Depression, anxiety, stress, and dysmenorrhea: a protocol for a systematic review

Pakpour, A.H., Kazemi, F., Alimoradi, Z. and Griffiths, M.D. ORCID: 0000-0001-8880-6524, 2020. Depression, anxiety, stress, and dysmenorrhea: a protocol for a systematic review. Systematic Reviews, 9 (1): 65. ISSN 2046-4053

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Abstract

Background: Dysmenorrhea is one of the most common menstrual disorders and is influenced by various factors. Psychological disorders including anxiety, depression, and stress have been suggested as influencing dysmenorrhea, but previous findings are inconsistent. This study will investigate the relationship between depression/anxiety/stress and dysmenorrhea using a systematic review and meta-analysis.

Methods: Online databases including PsycINFO, Scopus, PubMed, Science Direct, ProQuest, ISI Web of Knowledge, and Embase will be searched. Appropriate keywords and MeSH terms will be used to retrieve the journal papers published from 1990 until the end of December 2019. To improve search coverage, the reference lists of all included studies will be reviewed to find eligible papers. Inclusion criteria include the following: descriptive, cohort, case-control, and cross-sectional studies; the relationship between depression/anxiety/stress and dysmenorrhea being an objective of the study; and published in peer-reviewed journals. The paper selection, data extraction, and quality assessment of selected studies will be performed independently by two researchers, and disagreements will be resolved through discussions. The Newcastle-Ottawa Quality Assessment Scale will be used to assess the quality of selected studies. A quantitative synthesis will be performed using the Preferred Reporting Items for Systematic Reviews and Meta-Analyses (PRISMA) via the STATA software, if retrieving enough number of studies with no severe methodological heterogeneities. Otherwise, qualitative synthesis will be used to report the findings.

Discussion: To the best of our knowledge, this will be the first systematic review on this topic. Performing an inclusive search in major databases over a wide timescale is one key strength of the proposed study and will maximize the coverage of the original research studies on this topic. Results of present study are expected to lead to deeper understanding the relationship between common mental health conditions and dysmenorrhea.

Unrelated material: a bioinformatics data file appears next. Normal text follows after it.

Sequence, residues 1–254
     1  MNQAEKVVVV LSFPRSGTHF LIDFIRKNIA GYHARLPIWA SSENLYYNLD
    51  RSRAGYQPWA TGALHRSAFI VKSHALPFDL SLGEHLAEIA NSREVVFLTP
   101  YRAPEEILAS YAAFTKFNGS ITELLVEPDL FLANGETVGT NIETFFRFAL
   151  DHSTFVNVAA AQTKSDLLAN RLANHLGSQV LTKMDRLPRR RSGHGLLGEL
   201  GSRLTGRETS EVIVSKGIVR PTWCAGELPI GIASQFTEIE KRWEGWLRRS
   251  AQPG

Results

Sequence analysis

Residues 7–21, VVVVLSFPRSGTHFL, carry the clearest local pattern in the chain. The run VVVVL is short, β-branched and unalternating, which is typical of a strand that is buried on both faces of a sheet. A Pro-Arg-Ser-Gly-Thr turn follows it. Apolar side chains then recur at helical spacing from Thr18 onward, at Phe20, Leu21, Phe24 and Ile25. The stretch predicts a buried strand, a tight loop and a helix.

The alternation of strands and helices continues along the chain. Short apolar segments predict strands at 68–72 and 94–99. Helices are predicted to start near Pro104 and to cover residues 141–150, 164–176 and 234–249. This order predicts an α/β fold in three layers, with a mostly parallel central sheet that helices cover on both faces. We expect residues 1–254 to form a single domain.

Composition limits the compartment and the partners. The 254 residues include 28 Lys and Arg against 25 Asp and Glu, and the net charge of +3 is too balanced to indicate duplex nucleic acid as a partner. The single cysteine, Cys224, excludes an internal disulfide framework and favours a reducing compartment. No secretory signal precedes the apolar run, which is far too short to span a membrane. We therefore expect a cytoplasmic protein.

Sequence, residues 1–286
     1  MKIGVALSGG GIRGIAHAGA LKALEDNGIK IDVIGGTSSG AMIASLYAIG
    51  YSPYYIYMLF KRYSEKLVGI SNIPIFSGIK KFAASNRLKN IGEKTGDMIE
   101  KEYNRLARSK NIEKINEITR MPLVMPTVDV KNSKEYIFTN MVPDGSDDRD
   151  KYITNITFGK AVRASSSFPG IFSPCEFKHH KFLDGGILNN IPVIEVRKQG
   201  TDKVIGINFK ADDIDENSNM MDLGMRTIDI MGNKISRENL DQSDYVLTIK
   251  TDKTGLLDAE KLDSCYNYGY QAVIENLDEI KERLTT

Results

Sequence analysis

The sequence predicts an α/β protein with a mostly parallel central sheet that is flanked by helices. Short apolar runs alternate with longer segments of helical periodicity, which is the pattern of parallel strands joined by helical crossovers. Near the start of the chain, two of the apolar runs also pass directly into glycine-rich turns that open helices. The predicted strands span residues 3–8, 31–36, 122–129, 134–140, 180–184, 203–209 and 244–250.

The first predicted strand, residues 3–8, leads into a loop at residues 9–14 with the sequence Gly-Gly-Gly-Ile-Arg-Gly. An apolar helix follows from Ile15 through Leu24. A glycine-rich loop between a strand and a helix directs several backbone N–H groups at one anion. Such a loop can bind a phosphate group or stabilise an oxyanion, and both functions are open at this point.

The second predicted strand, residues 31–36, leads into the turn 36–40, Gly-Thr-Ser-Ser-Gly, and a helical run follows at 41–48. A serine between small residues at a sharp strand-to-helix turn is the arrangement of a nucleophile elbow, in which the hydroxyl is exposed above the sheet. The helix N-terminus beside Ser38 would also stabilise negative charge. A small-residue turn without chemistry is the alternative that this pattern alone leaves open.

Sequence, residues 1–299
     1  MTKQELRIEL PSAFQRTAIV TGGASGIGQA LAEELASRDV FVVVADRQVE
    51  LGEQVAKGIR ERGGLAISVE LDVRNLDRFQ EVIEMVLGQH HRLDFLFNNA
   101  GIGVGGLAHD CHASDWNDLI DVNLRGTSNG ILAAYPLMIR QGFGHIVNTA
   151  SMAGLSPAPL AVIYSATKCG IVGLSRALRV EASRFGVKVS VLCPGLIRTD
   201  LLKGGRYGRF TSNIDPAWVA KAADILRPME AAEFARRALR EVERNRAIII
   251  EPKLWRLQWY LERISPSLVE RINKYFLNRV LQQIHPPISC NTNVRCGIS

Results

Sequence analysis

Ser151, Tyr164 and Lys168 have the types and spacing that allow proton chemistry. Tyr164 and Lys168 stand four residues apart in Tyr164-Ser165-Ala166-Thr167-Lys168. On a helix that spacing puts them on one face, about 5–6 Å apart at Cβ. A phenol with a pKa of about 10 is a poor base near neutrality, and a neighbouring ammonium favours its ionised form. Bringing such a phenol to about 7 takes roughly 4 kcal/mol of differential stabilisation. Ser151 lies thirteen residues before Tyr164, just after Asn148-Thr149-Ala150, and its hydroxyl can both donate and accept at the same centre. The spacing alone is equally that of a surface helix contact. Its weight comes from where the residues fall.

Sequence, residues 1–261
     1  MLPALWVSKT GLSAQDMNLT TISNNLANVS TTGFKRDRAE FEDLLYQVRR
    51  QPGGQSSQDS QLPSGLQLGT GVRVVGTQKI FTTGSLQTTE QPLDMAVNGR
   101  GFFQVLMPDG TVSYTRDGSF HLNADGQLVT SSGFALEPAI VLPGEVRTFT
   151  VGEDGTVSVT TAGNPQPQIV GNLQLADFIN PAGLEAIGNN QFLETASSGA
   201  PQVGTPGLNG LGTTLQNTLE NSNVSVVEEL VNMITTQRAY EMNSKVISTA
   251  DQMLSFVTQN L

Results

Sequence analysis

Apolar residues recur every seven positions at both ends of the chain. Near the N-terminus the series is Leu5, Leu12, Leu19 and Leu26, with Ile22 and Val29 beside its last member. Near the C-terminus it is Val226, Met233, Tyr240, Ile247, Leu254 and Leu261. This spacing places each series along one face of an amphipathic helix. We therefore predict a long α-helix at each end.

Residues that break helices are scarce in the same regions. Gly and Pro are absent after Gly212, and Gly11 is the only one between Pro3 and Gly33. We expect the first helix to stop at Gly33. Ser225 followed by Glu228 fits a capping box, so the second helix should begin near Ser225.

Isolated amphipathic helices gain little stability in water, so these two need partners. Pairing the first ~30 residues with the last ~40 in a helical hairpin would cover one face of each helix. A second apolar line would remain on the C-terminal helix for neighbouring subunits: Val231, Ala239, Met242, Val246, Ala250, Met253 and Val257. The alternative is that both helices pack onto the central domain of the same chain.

Item Type: Journal article
Publication Title: Systematic Reviews
Creators: Pakpour, A.H., Kazemi, F., Alimoradi, Z. and Griffiths, M.D.
Publisher: Springer
Date: December 2020
Volume: 9
Number: 1
ISSN: 2046-4053
Identifiers:
NumberType
10.1186/s13643-020-01319-4DOI
1312154Other
Rights: © 2020 BioMed Central Ltd unless otherwise stated. Open Access This article is licensed under a Creative Commons Attribution 4.0 International License, which permits use, sharing, adaptation, distribution and reproduction in any medium or format, as long as you give appropriate credit to the original author(s) and the source, provide a link to the Creative Commons licence, and indicate if changes were made. The images or other third party material in this article are included in the article's Creative Commons licence, unless indicated otherwise in a credit line to the material. If material is not included in the article's Creative Commons licence and your intended use is not permitted by statutory regulation or exceeds the permitted use, you will need to obtain permission directly from the copyright holder. To view a copy of this licence, visit http://creativecommons.org/licenses/by/4.0/. The Creative Commons Public Domain Dedication waiver (http://creativecommons.org/publicdomain/zero/1.0/) applies to the data made available in this article, unless otherwise stated in a credit line to the data.
Divisions: Schools > School of Social Sciences
Depositing User: Linda Sullivan
Date Added: 30 Mar 2020 09:18
Last Modified: 30 Mar 2020 09:18
URI: http://irep.ntu.ac.uk/id/eprint/39506

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